Forums - Nintendo Discussion - Nintendo's Release Pace

I wanted to discuss a bit about how people are complaining that Nintendo doesn't have a steady stream of first-party titles to carry their Wii U machine along... And I had a few thoughts on this.

First, let's face the fact that Nintendo has the most and easily the strongest IPs in the videogame industry.  They have many IPs to pull from.  The question many forum-goers ask is why they're not using them.  And that's something I think is easily answered...

In order to create a steady stream of games, Nintendo would need to expand a LOT.  Nintendo would need to grow in size substantially bigger than they are now if they want to make the number of games that gamers are expecting.  This means large studios, new buildings, and naturally, an exorbitant expansion of personnel.  But this comes at a cost to efficiency...

Anyone who works at big companies knows that the bigger the company becomes, the more complex communication becomes, and naturally the less efficient the company becomes.  While I worked at Cisco, they admittedly blended the small-business model in a global-business environment, and with moderate success at that.  Essentially, when a company becomes extremely large, it naturally loses its ability to move at the same pace as a small company.  Everything just takes a longer time since more people are involved, simply put.

Coming back to Nintendo, as far as I can tell, they choose to follow the small business model as much as they can.  They keep their budgets tight, and their work efficient.  Growing in size to meet the demand would mean a major loss of efficiency inherent with a massive business, and naturally the budgets have to accomodate this by growing massively as well.  This all leads to my final point on the matter: in order to bring games at the pace gamers want from Nintendo, they will need to grow so large that their budgets will become massive, requiring a game to sell 5+ million just to turn a profit.  This is what has put many studios out of business.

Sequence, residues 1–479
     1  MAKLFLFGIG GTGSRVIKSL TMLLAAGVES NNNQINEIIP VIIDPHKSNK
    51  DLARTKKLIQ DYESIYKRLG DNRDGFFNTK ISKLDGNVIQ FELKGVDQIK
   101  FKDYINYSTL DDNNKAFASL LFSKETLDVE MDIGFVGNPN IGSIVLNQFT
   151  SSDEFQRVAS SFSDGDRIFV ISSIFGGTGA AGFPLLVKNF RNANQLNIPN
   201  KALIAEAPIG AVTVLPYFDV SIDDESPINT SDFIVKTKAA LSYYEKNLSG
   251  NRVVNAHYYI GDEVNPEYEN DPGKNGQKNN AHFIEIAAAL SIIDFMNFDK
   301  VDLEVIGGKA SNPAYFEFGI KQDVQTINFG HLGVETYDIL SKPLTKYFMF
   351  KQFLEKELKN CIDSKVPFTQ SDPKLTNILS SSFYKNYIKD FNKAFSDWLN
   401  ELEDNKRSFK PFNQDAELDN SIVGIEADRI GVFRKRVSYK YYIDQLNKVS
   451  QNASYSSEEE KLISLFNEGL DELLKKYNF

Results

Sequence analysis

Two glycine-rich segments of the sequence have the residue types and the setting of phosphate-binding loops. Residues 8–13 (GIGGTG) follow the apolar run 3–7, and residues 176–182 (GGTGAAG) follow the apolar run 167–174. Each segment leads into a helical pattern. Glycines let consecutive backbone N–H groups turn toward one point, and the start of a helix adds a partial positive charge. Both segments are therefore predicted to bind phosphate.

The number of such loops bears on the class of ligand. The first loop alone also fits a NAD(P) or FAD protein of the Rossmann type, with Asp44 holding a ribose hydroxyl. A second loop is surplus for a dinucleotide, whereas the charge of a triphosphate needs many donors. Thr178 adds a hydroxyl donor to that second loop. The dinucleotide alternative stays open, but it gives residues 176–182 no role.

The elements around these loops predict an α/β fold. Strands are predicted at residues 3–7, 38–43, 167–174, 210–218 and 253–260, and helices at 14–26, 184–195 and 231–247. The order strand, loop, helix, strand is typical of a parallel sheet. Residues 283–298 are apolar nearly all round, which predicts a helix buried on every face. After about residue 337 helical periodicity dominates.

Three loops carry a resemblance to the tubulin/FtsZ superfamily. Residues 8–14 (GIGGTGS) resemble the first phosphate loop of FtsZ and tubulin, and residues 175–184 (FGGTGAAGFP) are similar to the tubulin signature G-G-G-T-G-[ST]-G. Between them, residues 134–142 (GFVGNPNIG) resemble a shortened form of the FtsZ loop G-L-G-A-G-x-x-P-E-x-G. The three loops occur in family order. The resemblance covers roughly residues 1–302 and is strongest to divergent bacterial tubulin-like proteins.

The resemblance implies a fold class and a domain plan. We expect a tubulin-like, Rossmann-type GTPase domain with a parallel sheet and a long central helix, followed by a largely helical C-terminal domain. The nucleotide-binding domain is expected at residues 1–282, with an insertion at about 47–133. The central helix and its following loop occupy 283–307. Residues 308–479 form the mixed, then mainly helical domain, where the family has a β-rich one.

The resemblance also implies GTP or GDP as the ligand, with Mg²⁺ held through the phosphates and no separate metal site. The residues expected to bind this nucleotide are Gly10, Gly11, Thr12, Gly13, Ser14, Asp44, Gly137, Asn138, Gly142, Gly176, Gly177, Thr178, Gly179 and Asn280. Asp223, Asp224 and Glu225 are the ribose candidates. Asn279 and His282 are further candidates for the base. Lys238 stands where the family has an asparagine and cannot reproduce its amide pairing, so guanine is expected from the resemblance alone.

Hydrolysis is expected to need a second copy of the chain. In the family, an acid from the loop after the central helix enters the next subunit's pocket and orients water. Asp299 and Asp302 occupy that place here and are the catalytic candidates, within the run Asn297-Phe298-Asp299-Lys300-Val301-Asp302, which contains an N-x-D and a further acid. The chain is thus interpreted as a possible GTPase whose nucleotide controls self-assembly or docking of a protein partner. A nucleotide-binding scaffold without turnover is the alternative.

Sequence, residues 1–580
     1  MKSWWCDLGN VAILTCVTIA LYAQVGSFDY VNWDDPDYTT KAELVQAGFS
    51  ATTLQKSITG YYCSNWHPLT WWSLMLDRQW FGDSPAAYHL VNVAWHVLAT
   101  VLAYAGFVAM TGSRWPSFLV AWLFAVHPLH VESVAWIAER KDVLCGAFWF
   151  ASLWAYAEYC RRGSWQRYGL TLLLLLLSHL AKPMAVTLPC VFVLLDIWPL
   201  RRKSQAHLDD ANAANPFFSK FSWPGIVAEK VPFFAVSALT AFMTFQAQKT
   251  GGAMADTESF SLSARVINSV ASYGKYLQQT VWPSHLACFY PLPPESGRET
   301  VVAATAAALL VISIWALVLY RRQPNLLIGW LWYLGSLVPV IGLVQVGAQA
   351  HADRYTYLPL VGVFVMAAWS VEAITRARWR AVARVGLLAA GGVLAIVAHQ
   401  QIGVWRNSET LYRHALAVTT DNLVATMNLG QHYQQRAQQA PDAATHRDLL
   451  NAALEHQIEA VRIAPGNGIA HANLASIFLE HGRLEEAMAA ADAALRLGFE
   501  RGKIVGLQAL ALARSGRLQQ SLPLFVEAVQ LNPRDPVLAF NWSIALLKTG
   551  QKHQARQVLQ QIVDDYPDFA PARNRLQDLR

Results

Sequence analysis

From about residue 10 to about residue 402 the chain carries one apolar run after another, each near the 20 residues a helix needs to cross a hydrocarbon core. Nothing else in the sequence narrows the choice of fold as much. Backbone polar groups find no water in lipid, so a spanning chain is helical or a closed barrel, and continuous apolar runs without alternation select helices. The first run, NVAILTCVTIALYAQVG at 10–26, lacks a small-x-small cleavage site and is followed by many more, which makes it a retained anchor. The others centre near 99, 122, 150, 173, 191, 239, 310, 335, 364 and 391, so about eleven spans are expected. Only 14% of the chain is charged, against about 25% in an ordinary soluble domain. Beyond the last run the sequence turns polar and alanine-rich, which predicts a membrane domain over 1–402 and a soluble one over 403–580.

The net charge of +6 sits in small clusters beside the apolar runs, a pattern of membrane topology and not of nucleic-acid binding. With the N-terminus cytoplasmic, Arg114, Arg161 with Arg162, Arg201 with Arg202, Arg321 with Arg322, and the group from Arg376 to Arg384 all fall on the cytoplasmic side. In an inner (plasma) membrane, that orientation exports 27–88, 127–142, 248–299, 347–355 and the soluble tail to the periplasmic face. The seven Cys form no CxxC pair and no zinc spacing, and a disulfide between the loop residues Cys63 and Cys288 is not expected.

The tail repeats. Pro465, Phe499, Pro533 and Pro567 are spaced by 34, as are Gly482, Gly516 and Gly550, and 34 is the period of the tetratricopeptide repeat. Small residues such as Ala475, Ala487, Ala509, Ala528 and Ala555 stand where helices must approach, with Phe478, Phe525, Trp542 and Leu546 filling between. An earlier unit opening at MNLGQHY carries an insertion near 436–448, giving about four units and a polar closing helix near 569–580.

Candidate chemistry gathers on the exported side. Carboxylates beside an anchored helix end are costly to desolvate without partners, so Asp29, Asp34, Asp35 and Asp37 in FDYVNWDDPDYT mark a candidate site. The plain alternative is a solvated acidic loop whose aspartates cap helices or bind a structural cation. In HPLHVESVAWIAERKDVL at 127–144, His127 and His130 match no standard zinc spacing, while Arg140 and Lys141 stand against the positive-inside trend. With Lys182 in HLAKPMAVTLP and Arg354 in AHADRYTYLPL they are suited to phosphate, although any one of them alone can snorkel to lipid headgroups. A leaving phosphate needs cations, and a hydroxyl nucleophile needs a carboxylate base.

If Nintendo attempts to pump out the number of exclusives people want, they will have to reach such a size that it will become a requirement that the game sell millions upon millions.  This is dangerous waters, and I believe Nintendo knows this, and chooses to stick with the small-business model for this reason.

Thoughts?



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The idea that Nintendo is trying to maintain a lean profile is not too far-fetched, but the problem of game budgets doesn't have much to do with a company's size so much as people who have either little business experience, little industry experience, or both.

Gaming budgets running out of control is a lack of oversight or understanding of the market, not because the process itself is inefficient.

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Mythmaker1 said:
The idea that Nintendo is trying to maintain a lean profile is not too far-fetched, but the problem of game budgets doesn't have much to do with a company's size so much as people who have either little business experience, little industry experience, or both.

Gaming budgets running out of control is a lack of oversight or understanding of the market, not because the process itself is inefficient.

That's the thing, you cannot help that the process becomes more inefficient with a larger personnel size... It's natural!